Take Off the Mask

Ann Spangler
Ann Spangler
2015 23 Mar

John Ortberg makes the point that many of us are afraid to reveal who we really are, especially in church. The very place that should be a refuge for us, a safe place to reveal ourselves, is too often the place where we put on masks. But even the most carefully constructed mask will eventually slip. Ortberg tells of being in a store one day with one of his children who was pestering him for a toy. Finally, in exasperation, he responded, “No, I’m not going to get you that toy. I’m not going to get it for you today. I’m not going to get it for you tomorrow. I’m not going to get it next month or next year. I am never going to get it for you! Do you understand? When you’re seventy and I’m a hundred years old, I’m still not going to get it for you!”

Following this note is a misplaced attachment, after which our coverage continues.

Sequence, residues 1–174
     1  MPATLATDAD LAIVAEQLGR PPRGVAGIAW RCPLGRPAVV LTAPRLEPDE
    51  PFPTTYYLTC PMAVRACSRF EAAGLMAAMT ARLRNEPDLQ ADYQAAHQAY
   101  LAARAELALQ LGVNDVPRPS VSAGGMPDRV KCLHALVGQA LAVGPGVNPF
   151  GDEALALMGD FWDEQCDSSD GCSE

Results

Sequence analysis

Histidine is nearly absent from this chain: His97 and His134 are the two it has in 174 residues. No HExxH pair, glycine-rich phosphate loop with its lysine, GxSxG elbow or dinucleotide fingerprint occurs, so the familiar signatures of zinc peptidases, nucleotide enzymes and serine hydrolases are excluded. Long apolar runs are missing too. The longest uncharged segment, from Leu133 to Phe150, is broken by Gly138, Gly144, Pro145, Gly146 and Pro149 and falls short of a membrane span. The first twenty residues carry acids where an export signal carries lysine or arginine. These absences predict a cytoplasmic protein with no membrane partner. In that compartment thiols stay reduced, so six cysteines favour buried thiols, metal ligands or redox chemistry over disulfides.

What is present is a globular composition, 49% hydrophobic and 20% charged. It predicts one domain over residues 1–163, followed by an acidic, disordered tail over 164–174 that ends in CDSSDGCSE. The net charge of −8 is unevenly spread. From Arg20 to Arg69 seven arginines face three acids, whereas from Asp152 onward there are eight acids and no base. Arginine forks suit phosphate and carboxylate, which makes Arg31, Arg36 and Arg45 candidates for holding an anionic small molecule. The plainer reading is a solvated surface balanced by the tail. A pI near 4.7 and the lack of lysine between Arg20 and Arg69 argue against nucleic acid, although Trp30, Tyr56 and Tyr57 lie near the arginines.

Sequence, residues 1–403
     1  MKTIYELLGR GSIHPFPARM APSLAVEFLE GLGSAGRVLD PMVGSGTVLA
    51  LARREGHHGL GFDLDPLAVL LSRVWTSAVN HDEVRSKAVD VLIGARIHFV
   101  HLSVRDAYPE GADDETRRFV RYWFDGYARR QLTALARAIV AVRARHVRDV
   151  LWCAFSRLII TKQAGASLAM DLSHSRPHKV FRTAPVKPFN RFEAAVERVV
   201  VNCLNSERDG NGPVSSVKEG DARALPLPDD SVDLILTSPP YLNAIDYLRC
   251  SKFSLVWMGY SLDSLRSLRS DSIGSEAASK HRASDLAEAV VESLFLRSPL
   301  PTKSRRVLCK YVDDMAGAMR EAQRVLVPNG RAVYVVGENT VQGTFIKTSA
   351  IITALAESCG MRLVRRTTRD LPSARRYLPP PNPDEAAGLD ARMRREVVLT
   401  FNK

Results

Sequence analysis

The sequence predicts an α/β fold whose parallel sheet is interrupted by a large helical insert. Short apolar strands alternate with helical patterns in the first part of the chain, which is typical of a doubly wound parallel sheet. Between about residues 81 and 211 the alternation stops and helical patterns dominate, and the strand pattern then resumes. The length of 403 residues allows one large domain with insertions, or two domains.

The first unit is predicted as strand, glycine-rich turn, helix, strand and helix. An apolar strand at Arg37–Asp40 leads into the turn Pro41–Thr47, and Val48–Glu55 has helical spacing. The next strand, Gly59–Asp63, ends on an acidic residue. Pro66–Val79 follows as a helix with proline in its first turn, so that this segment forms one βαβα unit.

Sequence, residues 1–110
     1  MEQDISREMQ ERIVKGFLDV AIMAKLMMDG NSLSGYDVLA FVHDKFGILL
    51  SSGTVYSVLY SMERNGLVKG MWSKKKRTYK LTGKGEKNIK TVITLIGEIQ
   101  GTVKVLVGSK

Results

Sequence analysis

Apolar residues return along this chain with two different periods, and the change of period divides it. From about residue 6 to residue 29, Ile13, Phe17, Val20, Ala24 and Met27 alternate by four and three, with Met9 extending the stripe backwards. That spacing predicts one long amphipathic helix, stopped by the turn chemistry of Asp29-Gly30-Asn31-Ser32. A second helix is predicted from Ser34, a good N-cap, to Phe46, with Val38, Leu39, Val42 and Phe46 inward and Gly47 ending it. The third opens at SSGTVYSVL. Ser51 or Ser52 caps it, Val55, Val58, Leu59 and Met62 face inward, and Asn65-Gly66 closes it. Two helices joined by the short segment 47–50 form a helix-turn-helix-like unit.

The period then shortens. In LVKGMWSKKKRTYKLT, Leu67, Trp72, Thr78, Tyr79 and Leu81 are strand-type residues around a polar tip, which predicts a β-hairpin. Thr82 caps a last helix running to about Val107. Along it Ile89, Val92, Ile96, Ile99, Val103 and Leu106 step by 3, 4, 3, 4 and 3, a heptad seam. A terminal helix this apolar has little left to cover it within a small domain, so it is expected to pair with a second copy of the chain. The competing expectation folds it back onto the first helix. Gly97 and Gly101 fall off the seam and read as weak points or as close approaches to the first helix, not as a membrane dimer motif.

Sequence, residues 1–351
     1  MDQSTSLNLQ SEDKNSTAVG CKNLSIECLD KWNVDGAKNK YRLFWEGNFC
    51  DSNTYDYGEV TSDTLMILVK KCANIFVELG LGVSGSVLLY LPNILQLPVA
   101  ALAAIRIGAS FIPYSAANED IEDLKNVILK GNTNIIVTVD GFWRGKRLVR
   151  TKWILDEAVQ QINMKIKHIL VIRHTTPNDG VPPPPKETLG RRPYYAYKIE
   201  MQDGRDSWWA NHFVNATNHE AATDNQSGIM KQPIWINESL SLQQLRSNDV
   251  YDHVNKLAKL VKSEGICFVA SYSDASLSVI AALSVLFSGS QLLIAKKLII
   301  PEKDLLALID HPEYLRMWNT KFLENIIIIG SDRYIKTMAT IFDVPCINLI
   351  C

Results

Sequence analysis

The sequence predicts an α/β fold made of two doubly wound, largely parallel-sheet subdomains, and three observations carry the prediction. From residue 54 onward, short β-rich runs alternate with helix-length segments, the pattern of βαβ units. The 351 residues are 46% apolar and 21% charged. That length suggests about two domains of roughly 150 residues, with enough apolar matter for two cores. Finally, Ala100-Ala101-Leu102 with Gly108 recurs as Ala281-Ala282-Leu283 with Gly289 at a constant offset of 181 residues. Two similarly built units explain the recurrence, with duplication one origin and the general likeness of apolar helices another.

Just then the clerk looked at him and said, “You look awfully familiar. Do you teach at Willow Creek Community Church?”

Ortberg recounts what happened next: “I said, ‘Yes, my name is Bill Hybels.’ I didn’t really say that, but I wanted to. I wanted to hide. It was awful.”1

The problem with hiding is that we miss out on the benefits that come from true community. Why? Because God doesn’t build on falsehoods. Neither will he build up a congregation where everyone is intent on projecting a false self. As Ortberg observes, “It’s possible for people to attend the same church . . . year after year, without anyone ever knowing them. . . . Nobody knows their marriage is crumbling, their heart is breaking. Nobody knows they are involved in a secret pattern of sin that is destroying their soul. This is not God’s plan. It’s a mockery of community.”2 Church is meant to be a place where people are healed. It’s a hospital, not a set for filming a major motion picture.

You needn’t reveal your deepest secrets to everyone you meet in church. But you should have at least a few people who know you well and one or two you can talk to about your trials, temptations, and failings.

1. John Ortberg, Laurie Pederson, and Judson Poling, Groups: The Life-Giving Power of Community (Grand Rapids, MI: Zondervan, 2000), 50.

2. Ibid., 52–53.

(Image courtesy tutu55 of at freeimages.com)